Pre Season Lifting


As we move closer to the start of the high school baseball season, our priorities in the weight room must change as well. Before we discuss what should be done during this time period, we need to define what the “pre-season” actually is.


When talking about time periods for strength and conditioning, there is a big difference between off-season and pre-season. There is also a difference between pre-season lifting and pre-season games.

Most people understand the off-season pretty quickly, in lifting and games it is the time period where there are no in-season games being played.

Pre-season however is slightly different. It technically falls under the off-season umbrella (no in-season games being played) but priorities make a major switch. This is different from pre-season games which are typically anything before league or conference play in at the amateur levels.


The biggest and most universal difference between off-season and pre-season lifting is the priority of game skill vs lifting.

Off-Season = huge focus on getting bigger, stronger and faster with a small emphasis on game skill. The weight room takes precedent over the field. It is ok to be tired, spend less time practicing and take days off.

Pre-Season = everything switches. The focus becomes on your game and field skills and utilizing the new strength and speed you developed in the off-season. This is where practice time picks up and weight room time falls. If for whatever reason you had to choose between a lifting session or practice session, the practice session should be your choice


This is where you will find a ton of different philosophies. Yes we all scale back on lifting and increase on field demands but do we scale back intensity? Do we train for speed? Do we only do sport specific lifts? Do we just condition?

For the sport of baseball I prefer to utilize a 2 month long “pre-season” period. This works out well because the athletes come back from Christmas break at the beginning of January and the season begins late February or early March.

The 2 months or 8 weeks are broken down into 3 phases


This phase will look more or less like our off-season lifting blocks. Athletes are just coming back from a 2 week break and more than likely did not do anything. This 3 week block is put in place to get  them under the bar again and “get back in lifting shape.”

Phase 1 = Monday – baseball specific conditioning, Wednesday – traditional lift, Friday – agility training with circuit style lifting. The circuit is not meant to gas them, it is all explosive lifts with adequate rest between sets.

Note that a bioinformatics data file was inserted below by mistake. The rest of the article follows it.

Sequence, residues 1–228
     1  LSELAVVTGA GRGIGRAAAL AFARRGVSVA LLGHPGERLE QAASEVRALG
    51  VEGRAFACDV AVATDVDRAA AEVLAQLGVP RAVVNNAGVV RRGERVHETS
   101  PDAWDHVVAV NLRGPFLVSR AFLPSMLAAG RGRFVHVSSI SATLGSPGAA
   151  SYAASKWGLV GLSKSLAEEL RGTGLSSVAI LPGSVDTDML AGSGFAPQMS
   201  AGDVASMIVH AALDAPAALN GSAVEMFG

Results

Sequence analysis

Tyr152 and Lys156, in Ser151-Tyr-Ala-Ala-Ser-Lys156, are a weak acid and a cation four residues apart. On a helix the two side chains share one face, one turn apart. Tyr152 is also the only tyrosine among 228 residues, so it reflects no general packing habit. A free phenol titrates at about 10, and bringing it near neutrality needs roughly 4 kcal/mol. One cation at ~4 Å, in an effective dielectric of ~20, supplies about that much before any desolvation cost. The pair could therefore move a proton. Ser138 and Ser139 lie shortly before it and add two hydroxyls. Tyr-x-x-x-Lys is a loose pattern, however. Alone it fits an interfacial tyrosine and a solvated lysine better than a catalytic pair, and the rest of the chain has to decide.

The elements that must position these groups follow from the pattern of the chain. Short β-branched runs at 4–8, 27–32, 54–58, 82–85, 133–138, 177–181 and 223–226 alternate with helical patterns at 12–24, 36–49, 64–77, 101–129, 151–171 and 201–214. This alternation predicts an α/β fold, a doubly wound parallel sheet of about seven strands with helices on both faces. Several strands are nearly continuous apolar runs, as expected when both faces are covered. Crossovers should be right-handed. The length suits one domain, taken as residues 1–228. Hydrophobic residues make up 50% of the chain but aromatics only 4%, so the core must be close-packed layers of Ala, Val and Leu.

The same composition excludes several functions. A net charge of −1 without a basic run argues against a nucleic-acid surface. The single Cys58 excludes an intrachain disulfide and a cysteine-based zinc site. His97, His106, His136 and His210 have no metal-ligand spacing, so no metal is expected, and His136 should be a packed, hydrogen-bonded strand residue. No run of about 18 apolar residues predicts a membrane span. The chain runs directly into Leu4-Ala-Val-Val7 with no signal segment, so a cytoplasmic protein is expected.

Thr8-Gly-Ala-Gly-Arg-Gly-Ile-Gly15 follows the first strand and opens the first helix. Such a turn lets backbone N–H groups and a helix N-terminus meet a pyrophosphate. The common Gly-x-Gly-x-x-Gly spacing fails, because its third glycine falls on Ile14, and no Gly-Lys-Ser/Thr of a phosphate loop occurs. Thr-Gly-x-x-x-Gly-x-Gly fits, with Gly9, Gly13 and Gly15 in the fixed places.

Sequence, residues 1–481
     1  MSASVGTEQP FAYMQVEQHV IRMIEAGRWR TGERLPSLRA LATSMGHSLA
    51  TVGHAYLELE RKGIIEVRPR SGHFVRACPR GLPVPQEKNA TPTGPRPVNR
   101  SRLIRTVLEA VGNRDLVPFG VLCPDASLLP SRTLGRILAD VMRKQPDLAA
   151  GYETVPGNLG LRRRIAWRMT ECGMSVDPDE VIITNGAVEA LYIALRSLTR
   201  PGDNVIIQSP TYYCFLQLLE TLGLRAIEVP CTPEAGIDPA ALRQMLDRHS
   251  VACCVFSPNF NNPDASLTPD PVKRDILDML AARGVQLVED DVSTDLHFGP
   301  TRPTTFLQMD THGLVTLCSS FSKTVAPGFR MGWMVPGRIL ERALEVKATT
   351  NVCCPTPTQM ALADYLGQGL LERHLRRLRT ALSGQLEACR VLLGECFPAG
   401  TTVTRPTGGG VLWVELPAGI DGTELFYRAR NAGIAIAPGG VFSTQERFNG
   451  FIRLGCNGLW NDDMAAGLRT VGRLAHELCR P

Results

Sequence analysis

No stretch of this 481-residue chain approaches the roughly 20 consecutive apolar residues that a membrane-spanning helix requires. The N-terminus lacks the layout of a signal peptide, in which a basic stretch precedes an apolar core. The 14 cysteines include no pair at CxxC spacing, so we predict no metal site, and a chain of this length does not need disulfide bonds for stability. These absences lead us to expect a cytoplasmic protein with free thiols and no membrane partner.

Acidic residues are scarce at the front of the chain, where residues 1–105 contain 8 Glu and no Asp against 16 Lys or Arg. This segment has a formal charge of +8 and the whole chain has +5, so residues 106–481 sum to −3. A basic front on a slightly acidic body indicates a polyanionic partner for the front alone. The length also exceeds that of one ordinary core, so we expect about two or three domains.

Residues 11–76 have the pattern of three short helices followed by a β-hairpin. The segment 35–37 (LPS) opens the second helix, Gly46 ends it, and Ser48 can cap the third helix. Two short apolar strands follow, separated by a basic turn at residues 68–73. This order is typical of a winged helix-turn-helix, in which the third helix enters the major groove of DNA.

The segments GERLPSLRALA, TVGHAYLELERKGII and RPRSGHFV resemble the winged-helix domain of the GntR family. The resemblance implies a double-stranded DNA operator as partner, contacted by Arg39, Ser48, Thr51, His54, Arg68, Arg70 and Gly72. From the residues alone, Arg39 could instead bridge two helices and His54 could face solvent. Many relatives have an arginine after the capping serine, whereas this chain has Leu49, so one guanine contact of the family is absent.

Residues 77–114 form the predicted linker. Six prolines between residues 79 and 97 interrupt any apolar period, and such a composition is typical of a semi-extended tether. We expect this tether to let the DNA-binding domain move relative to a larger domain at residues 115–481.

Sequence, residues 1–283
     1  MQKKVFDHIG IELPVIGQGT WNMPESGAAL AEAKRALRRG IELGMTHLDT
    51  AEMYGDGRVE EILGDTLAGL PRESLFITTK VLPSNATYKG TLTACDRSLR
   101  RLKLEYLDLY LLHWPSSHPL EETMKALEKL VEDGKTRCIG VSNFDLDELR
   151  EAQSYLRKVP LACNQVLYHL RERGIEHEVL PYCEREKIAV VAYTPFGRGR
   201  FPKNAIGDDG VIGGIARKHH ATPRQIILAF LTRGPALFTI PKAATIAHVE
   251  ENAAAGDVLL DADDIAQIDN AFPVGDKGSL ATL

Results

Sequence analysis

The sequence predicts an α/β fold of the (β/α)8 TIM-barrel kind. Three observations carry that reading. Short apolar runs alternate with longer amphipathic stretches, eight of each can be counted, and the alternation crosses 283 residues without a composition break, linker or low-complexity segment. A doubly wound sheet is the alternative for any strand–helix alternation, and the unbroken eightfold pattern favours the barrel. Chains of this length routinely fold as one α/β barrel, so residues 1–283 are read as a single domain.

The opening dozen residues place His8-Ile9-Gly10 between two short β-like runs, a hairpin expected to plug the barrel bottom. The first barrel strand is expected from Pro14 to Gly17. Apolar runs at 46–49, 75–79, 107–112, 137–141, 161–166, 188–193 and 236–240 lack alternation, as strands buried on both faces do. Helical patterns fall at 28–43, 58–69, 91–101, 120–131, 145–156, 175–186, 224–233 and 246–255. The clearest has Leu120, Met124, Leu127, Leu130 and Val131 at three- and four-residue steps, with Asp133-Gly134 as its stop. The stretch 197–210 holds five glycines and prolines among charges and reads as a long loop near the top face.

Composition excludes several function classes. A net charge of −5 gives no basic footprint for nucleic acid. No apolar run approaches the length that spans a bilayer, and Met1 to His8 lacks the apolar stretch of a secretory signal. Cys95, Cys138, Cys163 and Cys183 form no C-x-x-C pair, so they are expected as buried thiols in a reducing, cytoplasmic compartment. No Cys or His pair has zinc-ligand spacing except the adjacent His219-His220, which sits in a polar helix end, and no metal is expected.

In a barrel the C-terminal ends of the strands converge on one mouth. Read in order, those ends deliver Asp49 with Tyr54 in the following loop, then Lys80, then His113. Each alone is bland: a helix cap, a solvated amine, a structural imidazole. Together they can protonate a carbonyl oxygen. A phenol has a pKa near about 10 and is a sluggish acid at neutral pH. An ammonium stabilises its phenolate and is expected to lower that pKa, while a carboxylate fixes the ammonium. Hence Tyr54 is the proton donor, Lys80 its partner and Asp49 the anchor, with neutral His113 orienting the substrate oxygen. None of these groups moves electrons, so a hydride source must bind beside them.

Here is where we begin to really change our approach. We will up the intensity of the conditioning day on Monday but keep it baseball specific (no one should throw up), we will begin to transition Wednesdays lift into heavy posterior chain lift and keep Friday as our “athletic” day. I have found using terms like “athletic day” help the players understand the intent much faster.

Phase 2 = Monday – baseball specific conditioning, Wednesday – heavy posterior chain lift, Friday – agility training with circuit style lifting (still not gassing them)


This phase really depends on a lot of factors. We are now approximately 2 weeks away from Game 1 and many teams will actually stop lifting at this point. I think that is a major mistake.

During phase 3 I would continue the same schedule that we had during phase 2 with some slight adjustments to the lifts.

Adjustment 1 – only condition on the 2 Monday’s prior to Game 1. Once in-season game’s begin, I will end the conditioning day.

Adjustment 2 – the phase will actually last for 6 weeks. During season our goal is to produce the best on the field product. This means we should not have to deal with major soreness during games. Extending the lifts for 6 weeks means I will be changing the lifts less often. Each time the lifts are changed it should only be a minor adjustment, regular pushups to feet elevated push ups. We should never make major changes like push ups to bench press. Athletes will be sore for weeks and on-field performance will suffer.


You need to be able to analyze your athletes and make adjustments based on their needs. Some coaches still push the envelope during season, some do not. It all comes down to what your athletes can handle and how well your off-season went.

The weight room should never take away from on-field performance. Utilize proper recovery techniques and keep them running on a full tank as much as possible.

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